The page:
French-manufactured dedicated wine storage units with a steel casing and aluminium inner wall, with 50 mm insulation in between. Humidity is kept at 70%. As an example, the Domaine VSI 6L takes between 174 and 234 (depending on the shelf configuration) and costs £2030. They also make a more affordable line called I.C@ve, the largest of which is the IC7L, which takes 301 bottles and costs £1675. Both ranges can operate in ambient temperatures of 0–35 ºC.


A small range of elegant-looking stand alone and slot-in units for kitchens, at very attractive prices. As an example, the WF1541 is 1800 mm by 595 mm wide by 680 mm deep and takes 154 bottles. The Wi6111 is an undercounter unit that takes 54 wine bottles an costs £470. These units have a heater and can operate from ambient temperatures of 5–35 ºC.

Italian manufacturer of expensive furniture-style units, made of solid wood, ranging from a unit that holds 57 bottles for £2703 to the giant CEX4501 which takes 552 bottles for £13451 (dimensions 2000 mm high by 2980 mm wide by 640 mm deep).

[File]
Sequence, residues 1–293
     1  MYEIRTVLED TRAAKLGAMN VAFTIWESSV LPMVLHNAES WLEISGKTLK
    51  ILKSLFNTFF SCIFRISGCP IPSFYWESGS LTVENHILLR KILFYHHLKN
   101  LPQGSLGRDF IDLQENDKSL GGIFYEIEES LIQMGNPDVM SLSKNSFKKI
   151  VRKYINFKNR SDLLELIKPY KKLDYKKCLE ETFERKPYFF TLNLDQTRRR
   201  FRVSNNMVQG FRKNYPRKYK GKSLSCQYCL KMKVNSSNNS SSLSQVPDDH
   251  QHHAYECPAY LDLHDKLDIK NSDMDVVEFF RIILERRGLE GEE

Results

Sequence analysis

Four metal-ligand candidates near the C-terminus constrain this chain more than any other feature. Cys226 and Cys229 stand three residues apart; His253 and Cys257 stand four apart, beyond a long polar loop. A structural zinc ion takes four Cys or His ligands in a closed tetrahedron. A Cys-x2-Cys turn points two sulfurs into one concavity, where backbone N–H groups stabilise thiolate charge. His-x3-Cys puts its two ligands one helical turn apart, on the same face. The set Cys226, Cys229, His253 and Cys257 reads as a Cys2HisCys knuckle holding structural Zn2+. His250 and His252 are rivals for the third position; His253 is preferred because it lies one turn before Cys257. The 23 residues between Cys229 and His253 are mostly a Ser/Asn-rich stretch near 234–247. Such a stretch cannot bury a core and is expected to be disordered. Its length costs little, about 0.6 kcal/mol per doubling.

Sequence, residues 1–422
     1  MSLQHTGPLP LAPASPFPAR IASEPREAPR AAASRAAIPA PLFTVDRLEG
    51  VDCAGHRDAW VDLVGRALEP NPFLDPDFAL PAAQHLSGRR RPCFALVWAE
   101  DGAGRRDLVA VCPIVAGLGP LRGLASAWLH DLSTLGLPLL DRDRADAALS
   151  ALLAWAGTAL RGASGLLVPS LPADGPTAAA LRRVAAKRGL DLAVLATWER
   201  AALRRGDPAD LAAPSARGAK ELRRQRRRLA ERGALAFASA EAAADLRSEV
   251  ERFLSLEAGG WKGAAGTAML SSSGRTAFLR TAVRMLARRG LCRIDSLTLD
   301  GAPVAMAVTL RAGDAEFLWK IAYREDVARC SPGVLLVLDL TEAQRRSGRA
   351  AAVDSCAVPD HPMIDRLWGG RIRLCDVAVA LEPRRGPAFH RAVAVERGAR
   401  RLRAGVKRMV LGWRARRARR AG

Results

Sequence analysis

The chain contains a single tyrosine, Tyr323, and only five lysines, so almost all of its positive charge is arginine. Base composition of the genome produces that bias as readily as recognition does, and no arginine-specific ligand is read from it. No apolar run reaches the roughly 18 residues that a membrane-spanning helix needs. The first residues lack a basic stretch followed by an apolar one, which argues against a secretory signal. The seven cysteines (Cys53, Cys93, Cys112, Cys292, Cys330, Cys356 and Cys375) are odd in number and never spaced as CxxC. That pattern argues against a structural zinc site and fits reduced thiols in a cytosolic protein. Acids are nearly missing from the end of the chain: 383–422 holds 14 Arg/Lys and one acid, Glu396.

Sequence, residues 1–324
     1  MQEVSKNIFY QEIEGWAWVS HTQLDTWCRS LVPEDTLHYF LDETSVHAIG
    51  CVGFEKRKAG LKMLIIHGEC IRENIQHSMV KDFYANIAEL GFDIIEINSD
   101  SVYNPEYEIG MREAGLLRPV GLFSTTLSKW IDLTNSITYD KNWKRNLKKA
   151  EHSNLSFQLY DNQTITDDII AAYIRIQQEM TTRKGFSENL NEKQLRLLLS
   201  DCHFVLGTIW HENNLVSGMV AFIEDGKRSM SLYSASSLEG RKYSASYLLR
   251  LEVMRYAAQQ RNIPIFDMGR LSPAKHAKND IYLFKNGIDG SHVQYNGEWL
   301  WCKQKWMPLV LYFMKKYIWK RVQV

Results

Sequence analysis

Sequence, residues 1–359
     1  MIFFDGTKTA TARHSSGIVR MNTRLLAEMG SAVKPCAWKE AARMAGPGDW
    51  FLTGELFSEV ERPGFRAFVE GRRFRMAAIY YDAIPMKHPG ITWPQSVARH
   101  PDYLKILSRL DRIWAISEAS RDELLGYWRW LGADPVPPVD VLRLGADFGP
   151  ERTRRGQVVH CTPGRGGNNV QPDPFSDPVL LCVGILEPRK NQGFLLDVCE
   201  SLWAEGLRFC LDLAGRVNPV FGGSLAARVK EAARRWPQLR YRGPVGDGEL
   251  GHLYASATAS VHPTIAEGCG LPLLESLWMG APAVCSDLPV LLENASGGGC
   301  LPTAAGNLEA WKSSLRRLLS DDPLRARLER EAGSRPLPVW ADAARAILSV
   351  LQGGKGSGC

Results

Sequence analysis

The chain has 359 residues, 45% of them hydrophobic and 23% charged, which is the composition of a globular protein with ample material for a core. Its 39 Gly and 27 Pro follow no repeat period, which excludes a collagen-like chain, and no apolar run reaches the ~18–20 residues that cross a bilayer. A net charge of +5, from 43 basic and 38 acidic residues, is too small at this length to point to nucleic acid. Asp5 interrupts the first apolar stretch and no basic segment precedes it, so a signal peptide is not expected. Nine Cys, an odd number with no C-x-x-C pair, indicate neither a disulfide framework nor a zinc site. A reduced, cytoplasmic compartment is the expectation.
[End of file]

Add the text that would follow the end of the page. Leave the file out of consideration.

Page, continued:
Internationally distributed, the U-Line wine captain series consists of under counter kitchen units.

Dometic ‘Silent Cellar’

Available in the US and Europe, these are good-looking units whose selling point is their quietness of operation. As an example, the CS200 (£1500, $2300) has a 206 bottle capacity when fitted with three fixed shelves and one sliding shelf. Glass door or stainless steel finish are available as extras.

Canadian manufacturer of a large range of cabinets in both contemporary and furniture styles.

A selection of retailers

UK retailer with a wide range of cabinets

Exclusive UK agent for Eurocave cabinets

UK retailer selling Vinosafe, Caple and Arredo

UK retailer, the online arm of Corner Fridge company

UK-based retailer with a selection of wine units

Stockists of a wide range of wine fridges/cabinets, based in California

San Francisco based sells Transtherm, Silent Cellars, Vinoteque, Vintage Keeper and Eurotech

California-based retailer of storage solutions for wine

Wide range of wine cabinets, US based.

California based wine retailer also representing Vinoteque, LeCache and Whisperkool. 

Canadian retailer


[1] Peuch C, Vidal S, Pegaz J-F, Riou C, Uchot PV 2006 Effect of storage conditions on the evolution of bottled wines. Rhone en VO, Journal of Viticulture and Enology of the Rhone Region, 2006 Edition (also published on www.infowine.com accessed March 2007)